• Scent marking – Some owners may want to blame this behavior on stress. Instead, it may be the result of a health issue or failed house training.

  • Puppy destruction – Some very young dogs just like to chew, dig or drool no matter what. This is not anxious behavior. This is puppy behavior and just needs time and training.

  • Boredom – Your dog may be bored and start barking, chewing, digging or any number of naughty things to find something to do

How Do I Help My Dog Be Calm?

Sorting through all the tips out there on dog anxiety can be a huge task. There are hundreds of methods and even drugs to try.

Each dog is different and they all have their own anxiety trigger and symptoms. It is important to know the root cause of your dog’s anxiety and treat it properly.

You should also know if your dog’s anxiety is mild, moderate or severe. The right treatment for each level is different.

Mild levels of anxiety may annoy the neighbors. Severe levels involve harm to the dog, to property or to others.

Training for Anxiety

Level: Mild
Causes: Separation, Social

Proper training for anxious behavior is about linking their fear with something good instead of bad. Much like reward training, the dog will learn over time that the person, place, animal or object is not scary and is actually good.

They associate their person leaving with a tasty treat or fun toy to play with and keep them busy.

Puzzle toys are great for this type of training, as they hide the treat and let the dog work it out which should take some time. Make sure your dog only gets this toy when you leave and not all the time or it is not linked to being alone.

While training has been proven successful, it may be hard to do on your own. If not done right, training for anxiety may actually reinforce the bad behavior or cause your dog to act out just for a treat. If you can afford one, a professional dog trainer can help you work on your dog’s anxious behavior.

Drugs

Level: Moderate to Severe
Causes: Noise, Separation, Social

There are drugs that can be prescribed by your vet to treat your dog’s anxiety, though these should not be used for mild cases.

Some drugs are given daily to provide a long term calming effect. Some are prescribed to be given just before an event that will cause anxiety like thunderstorms or fireworks.

These drugs can be costly and difficult to give your dog if they do not like to take pills. You may also miss a dose just before a trigger event and the drug will not have time to work on your dog.

When combined with training, more pet owners have reported success for severe anxiety with prescription drugs than the drugs alone, so you may still need other therapy for your dog.

Prevention

Level: Mild to moderate
Causes: Noise, Separation, Social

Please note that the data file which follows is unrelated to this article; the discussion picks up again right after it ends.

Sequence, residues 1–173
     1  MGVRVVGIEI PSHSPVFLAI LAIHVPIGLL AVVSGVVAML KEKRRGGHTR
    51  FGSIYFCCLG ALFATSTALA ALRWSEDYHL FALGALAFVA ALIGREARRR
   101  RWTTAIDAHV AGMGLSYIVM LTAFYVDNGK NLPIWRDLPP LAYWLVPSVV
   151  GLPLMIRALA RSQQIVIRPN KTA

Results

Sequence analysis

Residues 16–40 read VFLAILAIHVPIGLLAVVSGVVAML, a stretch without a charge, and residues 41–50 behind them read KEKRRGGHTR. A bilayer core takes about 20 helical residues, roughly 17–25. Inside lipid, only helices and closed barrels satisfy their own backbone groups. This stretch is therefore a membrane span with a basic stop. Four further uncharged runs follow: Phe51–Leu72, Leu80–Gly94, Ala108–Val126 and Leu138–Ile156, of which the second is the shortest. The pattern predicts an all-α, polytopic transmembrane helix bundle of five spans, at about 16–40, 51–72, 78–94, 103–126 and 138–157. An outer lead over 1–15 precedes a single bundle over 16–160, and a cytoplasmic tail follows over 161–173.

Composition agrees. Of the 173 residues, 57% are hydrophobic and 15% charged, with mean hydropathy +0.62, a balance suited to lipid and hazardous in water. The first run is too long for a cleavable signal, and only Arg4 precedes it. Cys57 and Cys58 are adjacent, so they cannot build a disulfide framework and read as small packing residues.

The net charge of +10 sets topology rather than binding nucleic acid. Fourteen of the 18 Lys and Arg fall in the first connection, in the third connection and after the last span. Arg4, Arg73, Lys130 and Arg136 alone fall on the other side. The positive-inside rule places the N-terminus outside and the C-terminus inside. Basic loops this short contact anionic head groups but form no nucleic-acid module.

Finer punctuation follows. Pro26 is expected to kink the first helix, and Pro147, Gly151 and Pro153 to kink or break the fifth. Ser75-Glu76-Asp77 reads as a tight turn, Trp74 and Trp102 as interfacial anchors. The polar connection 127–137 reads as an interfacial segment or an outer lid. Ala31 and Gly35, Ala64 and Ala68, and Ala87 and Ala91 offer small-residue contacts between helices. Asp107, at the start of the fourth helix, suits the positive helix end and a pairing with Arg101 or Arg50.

Prevention is the best way to help your puppy from getting anxious and growing into an anxious dog.

By giving your puppy social interaction with other people, pets and places, you will get them used to things that could have caused them anxiety. Your puppy will not have fear of the unknown if you expose them to these things early in their life.

In adult dogs, knowing when they are showing signs of stress can be your signal to start preventive measures to calm them. This may mean a trained signal to sit and stay with a reward or some other learned behavior to counter-act their stress.

Diet and Exercise

Level: Mild to moderate
Causes: Separation, Social

An increase in training and exercise is good for any dog, whether they have anxious behavior or not.

The more exercise your dog gets, the less time he will have to destroy things while you are gone. Long walks and games of fetch are a great outlet for your dog. Your dog will have a sense of self and feel useful.

Diet can also play an important role in your dog’s anxiety. Dogs who are not getting proper food can show signs of mental slowness. Being sluggish makes your dog anxious because they have a hard time thinking things through.

Nature and Herbs

Level: All
Causes: Any

Dog owners all over the world are singing the praises of CBD hemp oil extract for anxious dogs. Extracted from cannabis, CBD hemp oil does not have any of the THC portion of the plant that is known to get people “high”.

Made specifically for pets to treat anxiety and other health issues, CBD hemp oil extract is safe and legal.

Considered an herbal remedy, CBD hemp oil extract is easy to give to dogs with a few drops on their food morning and night. Some pet owners even give their dog the drops right on their tongue, as there is no odor or flavor.

Unlike drugs, CBD hemp oil extract can be adjusted in the size of the dose to the right amount for the situation or the size of the dog.

CBD hemp oil extract is easy to give right before an event that triggers anxiety, but it can be safely given every day.

CBD hemp oil extract is new to the market and many vets are just getting on board.

Studies are underway now at various universities and the call for more research is strong throughout the world.

Pet owners report great success in using CBD hemp oil extract to calm their anxious dogs.

Wouldn’t it be great if we could communicate with our dog and reassure them? If we could ease our dog’s anxiety with just a few words, that would be so simple.

Since we don’t speak the same language, we have to rely on our close bond with our dog to tell us when they feel stressed or anxious.

You should always consult your vet before beginning a supplement or a training plan for your dog. Your vet needs to rule out health issues as the root cause of anxiety. It is also important to know your dog and the signs of stress and calm.

You now have the knowledge of the different types of anxiety and the levels as well.

Find the right combination of training, diet and exercise that gives your dog peace of mind. New natural extracts on the market like CBD hemp oil offer a healthy way to treat anxious dogs.